John Sandford's "Prey" series audiobooks are my favorites. I own them all and have heard each one several times. Yet, I haven't been much of a Virgil Flowers fan. I've listened to the other books about Virgil, but didn't like them as much as the "Prey" books. However, "Mad River" is different - this book is great!
"Mad River" is intriguing, entertaining and satisfying. The characters are believable and the book is so well written that the reader feels the maddening frustration of the law enforcement officers involved. Eric Conger does a wonderful job, as always. In this book he does an especially good job of distinguishing the different personalities of Lucas Davenport and Virgil. I have already recommended this book to others; now I look forward to the next Virgil Flowers adventure.
If I were introducing someone to Sandford, I would pick another.
I liked the small town theme. Ending was week.
by far Virgil.
I am a co-author of The Cluetrain Manifesto, and author of Gonzo Marketing: Winning Through Worst Practices, and The Bombast Transcripts.
Sanford is one of the few American mystery writers who can actually write. Crais, Lehane, a few others maybe, but too many seem to be putting their names on stuff written by aspiring English majors who went to too many writing workshops. Rant off, sorry.
But Virgil is always fun, ever ready with a felicitous turn of phrase, like "she had a fondness for little white truck driver pills she bought from little white truck drivers." And later, over a cheeseburger and fries after being on the receiving end of a major asskicking, he feels guilty: "When you get released from a hospital, shouldn't you eat something healthy? Lettuce or something?" ROFL
Eric Conger's narration is pitch perfect -- one of those magic books (in this case, a whole series) where the audio version is way better than reading it yourself.
Listen to a lot of audio books driving across the wide open spaces of Nevada during monthly 450 mile trips to and from Las Vegas.
The best Virgil Flowers so far. Characters and pacing reminded me of the late Elmore Leonard, who was one of my favorites. Worth a credit!
The creative mind of Sanford creates villains who are believable and not people you want to run into while they're on the run. This is a brutal tale of poor and desperate characters who screw up and make their situation worse when they have to run. Sandford shows the mindset of villains who know there's no way out.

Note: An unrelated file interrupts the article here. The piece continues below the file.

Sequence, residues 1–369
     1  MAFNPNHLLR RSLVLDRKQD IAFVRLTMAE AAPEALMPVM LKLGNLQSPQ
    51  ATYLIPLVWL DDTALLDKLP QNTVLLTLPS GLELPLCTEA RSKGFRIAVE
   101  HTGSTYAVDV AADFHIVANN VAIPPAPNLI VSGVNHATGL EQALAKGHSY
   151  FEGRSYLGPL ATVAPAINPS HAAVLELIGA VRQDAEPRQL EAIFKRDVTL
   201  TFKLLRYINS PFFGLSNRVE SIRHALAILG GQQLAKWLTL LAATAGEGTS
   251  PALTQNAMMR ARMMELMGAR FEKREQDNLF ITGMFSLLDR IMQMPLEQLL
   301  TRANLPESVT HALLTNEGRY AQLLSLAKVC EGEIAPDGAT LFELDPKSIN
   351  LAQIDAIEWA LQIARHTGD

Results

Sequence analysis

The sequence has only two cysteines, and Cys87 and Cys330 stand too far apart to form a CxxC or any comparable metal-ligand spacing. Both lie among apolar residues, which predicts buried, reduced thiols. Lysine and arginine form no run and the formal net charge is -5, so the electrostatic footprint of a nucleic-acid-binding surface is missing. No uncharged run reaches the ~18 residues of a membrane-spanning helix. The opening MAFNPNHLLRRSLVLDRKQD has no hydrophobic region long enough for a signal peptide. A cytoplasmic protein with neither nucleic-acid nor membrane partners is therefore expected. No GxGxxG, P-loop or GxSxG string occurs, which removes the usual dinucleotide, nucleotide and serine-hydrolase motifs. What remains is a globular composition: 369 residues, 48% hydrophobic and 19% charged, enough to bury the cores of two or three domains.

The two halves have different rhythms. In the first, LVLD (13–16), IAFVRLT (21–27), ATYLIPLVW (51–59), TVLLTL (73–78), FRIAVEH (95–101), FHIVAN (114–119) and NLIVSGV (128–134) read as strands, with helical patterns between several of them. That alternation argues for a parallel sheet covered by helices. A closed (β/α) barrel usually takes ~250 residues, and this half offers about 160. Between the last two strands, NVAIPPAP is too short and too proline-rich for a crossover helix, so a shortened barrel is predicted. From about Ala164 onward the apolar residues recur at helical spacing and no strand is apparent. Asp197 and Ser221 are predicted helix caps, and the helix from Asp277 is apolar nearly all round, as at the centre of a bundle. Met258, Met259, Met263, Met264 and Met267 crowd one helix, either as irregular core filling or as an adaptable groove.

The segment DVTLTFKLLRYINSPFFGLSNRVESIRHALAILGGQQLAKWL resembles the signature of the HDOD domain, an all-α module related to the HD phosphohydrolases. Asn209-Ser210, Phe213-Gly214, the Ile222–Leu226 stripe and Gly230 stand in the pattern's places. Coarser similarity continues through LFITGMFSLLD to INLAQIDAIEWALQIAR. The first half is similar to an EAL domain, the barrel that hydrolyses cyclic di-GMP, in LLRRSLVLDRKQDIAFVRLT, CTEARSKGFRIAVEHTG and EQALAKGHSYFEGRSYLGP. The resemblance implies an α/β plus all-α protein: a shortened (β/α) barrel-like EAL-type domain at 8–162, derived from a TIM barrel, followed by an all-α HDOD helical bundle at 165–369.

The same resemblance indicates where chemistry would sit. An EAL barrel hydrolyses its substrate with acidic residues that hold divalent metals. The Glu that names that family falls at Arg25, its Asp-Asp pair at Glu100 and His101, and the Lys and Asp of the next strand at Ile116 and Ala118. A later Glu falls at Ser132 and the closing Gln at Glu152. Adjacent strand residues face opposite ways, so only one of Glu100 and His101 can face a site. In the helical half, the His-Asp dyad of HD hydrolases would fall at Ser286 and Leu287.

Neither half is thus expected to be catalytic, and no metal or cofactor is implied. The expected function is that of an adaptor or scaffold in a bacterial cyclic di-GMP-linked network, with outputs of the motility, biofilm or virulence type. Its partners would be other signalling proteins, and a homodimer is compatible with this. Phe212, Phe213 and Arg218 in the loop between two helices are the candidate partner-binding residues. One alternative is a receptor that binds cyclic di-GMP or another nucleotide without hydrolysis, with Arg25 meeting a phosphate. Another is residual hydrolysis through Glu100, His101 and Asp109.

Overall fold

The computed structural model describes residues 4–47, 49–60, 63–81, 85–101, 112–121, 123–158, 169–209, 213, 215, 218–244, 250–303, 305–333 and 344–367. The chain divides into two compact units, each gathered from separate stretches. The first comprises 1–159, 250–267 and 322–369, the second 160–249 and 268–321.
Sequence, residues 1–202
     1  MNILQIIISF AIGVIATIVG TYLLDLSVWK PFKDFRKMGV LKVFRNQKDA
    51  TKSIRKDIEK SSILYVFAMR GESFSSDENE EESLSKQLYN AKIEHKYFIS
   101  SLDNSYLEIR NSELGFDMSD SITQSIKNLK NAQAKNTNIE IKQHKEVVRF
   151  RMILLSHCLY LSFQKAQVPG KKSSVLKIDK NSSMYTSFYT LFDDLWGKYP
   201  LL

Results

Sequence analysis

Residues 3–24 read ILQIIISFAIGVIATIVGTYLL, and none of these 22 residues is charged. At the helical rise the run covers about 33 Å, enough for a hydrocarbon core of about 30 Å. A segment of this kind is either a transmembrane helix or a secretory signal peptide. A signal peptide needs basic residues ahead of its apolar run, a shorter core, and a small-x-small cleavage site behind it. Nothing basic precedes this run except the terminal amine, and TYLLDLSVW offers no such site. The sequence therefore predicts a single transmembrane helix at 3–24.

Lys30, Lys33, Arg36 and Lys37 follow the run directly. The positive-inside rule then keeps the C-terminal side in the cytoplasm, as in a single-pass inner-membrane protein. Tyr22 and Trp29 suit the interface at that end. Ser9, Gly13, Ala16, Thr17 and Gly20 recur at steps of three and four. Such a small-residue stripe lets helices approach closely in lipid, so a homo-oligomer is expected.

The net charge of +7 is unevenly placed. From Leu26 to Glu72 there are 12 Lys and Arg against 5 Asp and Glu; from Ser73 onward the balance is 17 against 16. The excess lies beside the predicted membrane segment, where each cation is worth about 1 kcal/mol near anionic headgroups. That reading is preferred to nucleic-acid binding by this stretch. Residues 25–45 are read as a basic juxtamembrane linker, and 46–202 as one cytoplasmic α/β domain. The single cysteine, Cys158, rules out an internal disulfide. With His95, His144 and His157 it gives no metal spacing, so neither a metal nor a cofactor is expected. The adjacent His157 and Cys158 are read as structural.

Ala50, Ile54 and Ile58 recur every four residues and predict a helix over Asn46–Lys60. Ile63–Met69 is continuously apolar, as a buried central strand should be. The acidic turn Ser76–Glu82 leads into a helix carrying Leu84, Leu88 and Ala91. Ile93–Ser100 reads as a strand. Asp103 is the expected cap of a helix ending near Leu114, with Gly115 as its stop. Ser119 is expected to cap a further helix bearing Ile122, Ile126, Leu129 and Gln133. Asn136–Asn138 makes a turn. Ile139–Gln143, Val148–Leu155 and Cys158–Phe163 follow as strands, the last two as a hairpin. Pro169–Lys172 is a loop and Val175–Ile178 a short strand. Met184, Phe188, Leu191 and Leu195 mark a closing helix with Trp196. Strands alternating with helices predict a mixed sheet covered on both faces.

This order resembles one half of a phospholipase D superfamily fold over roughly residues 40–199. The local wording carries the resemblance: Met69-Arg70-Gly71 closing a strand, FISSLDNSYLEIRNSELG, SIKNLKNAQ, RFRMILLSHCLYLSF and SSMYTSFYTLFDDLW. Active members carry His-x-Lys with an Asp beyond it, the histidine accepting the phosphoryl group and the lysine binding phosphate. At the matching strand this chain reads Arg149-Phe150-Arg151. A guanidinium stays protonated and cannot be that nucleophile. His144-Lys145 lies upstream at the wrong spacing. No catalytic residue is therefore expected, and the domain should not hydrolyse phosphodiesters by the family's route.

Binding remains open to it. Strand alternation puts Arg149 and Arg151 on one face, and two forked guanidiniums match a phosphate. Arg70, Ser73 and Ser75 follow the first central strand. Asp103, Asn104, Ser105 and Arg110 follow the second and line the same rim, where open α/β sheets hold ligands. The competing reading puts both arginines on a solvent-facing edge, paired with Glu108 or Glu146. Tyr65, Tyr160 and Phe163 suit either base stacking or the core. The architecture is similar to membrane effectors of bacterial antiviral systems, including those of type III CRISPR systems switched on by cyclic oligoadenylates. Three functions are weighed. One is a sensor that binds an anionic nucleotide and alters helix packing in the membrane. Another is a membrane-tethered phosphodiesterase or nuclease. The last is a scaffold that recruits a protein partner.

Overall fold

The subplot of police who look for revenge, use the law and public opinion to justify their action is fascinating. Flowers on the other hand is not of their ilk. The ending is a great one, unusual and unexpected. Mad River is a social look into the minds of the killers, the police and the public. It was a wonderful read and a page turner.
Virgil Flowers is fast becoming as good as Lucas Davenport! Conger is Flowers and that's great. Most authors change their hero's but make it difficult for the listener the differentiate between them when they don't change narrators.
Yes. Great plot twists.
Absolutely, I kept trying to stay on step ahead of Virgil and the gang but...whew it was hard work.
I'm liking the Virgil Flowers series with a touch of Davenport now and then. Some narrators fit so well that they become the character for me. Eric Conger simply fits Virgil. I like the down to earth touch.
I would give this 3 1/2 stars if I could and Eric Confer turns in his expected laudable performance. This is just a decent entry compared to Sandford's best, though.
That said, Mad River is superior to most police procedurals/mysteries that come out. I love John Sandford's books and find them a great, light reading experience. While this isn't his best, I'd still recommend it.
As other reviewers have stated, it's not your typical Virgil Flowers. The story line just makes you miss any of the prior novels
Skillful writing and wonderful narration.
I am captivated by this protagonist. I have read all the Virgil Flowers books and he is just such an interesting "hero". He is not a super tough guy although he can certainly take care of himself. He is a philosopher of sorts. His childhood as a preacher's son in a solid middle class family adds an interesting depth to the detective role. In some ways he reminds me of Columbo. He just ambles about asking questions until we get an insight into his keen mind. This time he is after a trio of young homicidal maniacs. Sandford has a way of making his characters come to life for me.
I loved that Virgil ignored what was professionally good for him and politically correct to stand up for what was right.
This is a great series. Read them all.